Disclaimer: this review is just going to be long way of saying that I love this book. I have nothing critical to say. Nothing. So if you can’t stand fluff and rainbows - don’t read it.
Everyone always writes reviews about how books made them “laugh and cry” or “it was a roller coaster of emotions” and it always makes me want to stab my eyes out. I love books as much as the next book blogger, but that much? Nah. I might almost cry or kinda laugh, but not in a roller coaster way.
Until I read Fangirl. I was familiar with Rainbow Rowell from Eleanor and Park and I really liked that book. Liked. Not loved it as much as everyone around me seemed to do. So I was wary about Fangirl. The reviews were amazing, but then again, I’ve been let down quite a few times since deciding to read people’s reviews.
Fangirl is so worth it
It was even better than everyone made it out to be. It was original, funny, heartbreaking fluff that combines family issues with relationship problems with growing up pains. How did Rainbow manage to do that in 500 pages? No clue, but it’s wonderful.
The story follows Cath, full name Cather, who is going to uni together with her sister Wren. The two are polar opposites - Cath is quiet, shy and very uncomfortable with everything, while Wren immediately becomes party girl number one on campus.
While Wren goes out and makes friends, Cath continues doing what the twins did at home: writing Simon Snow fanfiction. Simon Snow is basically the Harry Potter of the Fangirl world and Cath is obsessed with writing fan fiction about Simon and his enemy, but secret lover in the end, Baz. Hence the title - Fangirl.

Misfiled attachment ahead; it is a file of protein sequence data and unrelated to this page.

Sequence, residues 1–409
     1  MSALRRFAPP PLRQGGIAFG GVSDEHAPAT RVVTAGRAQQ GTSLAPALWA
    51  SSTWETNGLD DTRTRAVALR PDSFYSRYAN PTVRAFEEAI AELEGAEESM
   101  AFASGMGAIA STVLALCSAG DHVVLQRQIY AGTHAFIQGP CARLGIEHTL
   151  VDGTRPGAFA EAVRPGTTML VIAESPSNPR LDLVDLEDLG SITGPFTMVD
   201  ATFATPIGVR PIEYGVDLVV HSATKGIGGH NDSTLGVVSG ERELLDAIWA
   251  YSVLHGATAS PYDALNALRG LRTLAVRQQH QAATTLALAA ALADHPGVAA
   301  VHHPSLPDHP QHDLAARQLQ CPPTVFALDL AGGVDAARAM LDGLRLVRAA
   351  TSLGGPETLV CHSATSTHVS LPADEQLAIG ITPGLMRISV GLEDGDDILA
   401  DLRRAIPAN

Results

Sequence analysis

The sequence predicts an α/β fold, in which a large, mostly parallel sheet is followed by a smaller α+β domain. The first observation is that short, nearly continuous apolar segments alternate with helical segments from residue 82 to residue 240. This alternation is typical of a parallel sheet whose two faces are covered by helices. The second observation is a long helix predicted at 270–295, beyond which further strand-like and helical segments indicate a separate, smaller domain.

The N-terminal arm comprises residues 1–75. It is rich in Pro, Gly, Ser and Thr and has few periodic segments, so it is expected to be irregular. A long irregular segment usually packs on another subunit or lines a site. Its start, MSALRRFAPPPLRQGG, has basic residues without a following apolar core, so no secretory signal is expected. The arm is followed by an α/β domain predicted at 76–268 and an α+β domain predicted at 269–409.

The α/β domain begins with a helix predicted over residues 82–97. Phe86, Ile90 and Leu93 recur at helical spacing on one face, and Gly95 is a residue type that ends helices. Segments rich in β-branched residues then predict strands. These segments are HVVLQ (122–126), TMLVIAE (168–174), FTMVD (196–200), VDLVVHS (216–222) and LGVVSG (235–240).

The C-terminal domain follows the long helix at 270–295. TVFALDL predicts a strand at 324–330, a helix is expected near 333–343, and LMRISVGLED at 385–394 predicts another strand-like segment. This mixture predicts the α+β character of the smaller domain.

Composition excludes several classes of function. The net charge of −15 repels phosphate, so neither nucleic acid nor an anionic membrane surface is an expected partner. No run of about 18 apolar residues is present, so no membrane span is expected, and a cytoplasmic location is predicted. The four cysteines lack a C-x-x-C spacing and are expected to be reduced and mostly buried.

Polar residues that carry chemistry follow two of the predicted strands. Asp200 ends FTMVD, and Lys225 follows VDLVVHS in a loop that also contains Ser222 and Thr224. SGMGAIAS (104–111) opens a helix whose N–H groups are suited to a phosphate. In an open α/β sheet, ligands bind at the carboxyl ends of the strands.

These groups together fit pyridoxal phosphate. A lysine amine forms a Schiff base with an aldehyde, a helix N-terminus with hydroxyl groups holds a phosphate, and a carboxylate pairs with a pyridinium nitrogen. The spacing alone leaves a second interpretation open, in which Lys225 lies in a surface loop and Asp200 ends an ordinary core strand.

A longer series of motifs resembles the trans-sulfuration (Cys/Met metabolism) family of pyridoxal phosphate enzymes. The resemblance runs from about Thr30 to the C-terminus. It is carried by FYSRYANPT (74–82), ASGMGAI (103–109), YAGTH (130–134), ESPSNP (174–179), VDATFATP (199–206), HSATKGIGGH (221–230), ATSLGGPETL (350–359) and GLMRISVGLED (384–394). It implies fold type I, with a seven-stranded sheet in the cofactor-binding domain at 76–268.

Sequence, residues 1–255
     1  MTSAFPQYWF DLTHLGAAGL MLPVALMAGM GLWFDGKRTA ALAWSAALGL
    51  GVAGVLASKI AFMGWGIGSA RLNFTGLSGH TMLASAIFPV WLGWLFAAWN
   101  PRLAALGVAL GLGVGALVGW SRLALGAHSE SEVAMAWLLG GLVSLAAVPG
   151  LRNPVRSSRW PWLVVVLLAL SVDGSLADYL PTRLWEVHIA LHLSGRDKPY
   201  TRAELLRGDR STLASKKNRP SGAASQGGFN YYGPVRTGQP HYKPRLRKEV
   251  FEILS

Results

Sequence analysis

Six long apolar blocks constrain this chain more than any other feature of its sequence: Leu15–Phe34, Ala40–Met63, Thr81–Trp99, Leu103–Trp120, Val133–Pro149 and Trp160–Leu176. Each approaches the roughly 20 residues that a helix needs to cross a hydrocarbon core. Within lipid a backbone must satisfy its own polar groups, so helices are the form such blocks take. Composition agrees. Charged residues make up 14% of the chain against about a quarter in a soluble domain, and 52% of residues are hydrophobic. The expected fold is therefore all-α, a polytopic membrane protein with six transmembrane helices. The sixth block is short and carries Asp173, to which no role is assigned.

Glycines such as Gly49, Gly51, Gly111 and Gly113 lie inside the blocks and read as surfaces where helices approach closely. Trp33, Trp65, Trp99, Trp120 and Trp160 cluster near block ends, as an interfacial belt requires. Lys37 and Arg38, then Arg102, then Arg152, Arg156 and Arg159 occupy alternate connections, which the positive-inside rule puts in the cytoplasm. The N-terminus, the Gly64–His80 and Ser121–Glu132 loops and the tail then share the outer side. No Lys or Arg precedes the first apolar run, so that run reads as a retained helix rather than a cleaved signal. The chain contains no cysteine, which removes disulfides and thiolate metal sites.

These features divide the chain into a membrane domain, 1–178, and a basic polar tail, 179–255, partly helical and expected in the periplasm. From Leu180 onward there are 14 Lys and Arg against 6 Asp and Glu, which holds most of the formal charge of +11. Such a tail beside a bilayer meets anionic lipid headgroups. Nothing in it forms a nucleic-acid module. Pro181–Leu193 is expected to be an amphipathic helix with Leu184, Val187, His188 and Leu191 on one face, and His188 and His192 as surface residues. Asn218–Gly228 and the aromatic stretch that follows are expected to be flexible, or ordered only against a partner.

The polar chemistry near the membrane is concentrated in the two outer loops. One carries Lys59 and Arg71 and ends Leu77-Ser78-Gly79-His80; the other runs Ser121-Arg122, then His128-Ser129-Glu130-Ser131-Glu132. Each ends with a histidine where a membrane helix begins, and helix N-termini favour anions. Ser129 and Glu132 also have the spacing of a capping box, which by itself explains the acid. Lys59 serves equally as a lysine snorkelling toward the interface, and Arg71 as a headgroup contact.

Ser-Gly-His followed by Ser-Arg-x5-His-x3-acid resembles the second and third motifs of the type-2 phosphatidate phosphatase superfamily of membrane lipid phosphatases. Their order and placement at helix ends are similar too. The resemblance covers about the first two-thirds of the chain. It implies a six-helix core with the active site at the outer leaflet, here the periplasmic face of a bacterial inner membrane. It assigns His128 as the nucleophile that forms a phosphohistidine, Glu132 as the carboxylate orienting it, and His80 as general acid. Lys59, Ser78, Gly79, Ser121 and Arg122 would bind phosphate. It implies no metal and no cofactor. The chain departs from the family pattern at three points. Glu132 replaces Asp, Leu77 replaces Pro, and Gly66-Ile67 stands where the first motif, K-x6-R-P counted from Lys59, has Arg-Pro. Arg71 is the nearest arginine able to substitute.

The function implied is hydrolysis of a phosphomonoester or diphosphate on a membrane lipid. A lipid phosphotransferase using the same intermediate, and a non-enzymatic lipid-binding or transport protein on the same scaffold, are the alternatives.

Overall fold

Cath moves in with Reagan, who is this kickass roommate. She seems like a mean person, but turns out to be very supportive of Cath. Reagan motivates her to go out and explore life and herself. Girlpower to the max.It was so nice to finally read a book where two very different girls meet, but can still be friends. This happens all the time with boys in books, but almost never with girls. It was such a relief to read that Rainbow didn’t take the mean girl route.
But with Reagan comes her ex-boyfriend Levi.
The guy we all want to date.
And honestly, did anyone ever read this book and not fall in love with Levi? He’s from small-town Nebraska and his main expertise is anything to do with farming. So at first, I didn’t like him. A farm boy? Very cliché. But Levi is anything but cliché. He’s kind and caring and it turns out that there is a lot more to his personality than you think - though I can’t reveal too much, because I don’t want to spoil it.
Only criticism for Levi is that he seemed to a bit needy of attention. He was always hanging around Cath and Reagan’s room. But then, the girls enjoyed this, so it’s not really a flaw. Just something I would change about my personal Levi.
Rainbow Rowell manages to combine a lot of characters (5 almost main characters, besides Cath) and several plot elements in a way that truly shows her talent as a writer. A reader never feels like there is an unnatural switch of focus from one theme or one character to another. Everything flows and the book just reads like one simple story. It isn’t until you put it down that you really realise how many elements are touched upon within the story.
Anything negative about the book? Yes - I wish there was more of it! I wanted to cry when I finished this book; it really felt like I had to leave a group of friends behind. I wish there was more Cath and Levi. What happens to Wren? Rainbow, don’t leave us hanging like that.
So it will be no surprise to any reader that this book gets 5 out of 5 stars. It’s perfection. It made my inner fangirl come out - I can’t even write a very serious review about it because I just love everything so much. Please give me more Fangirl.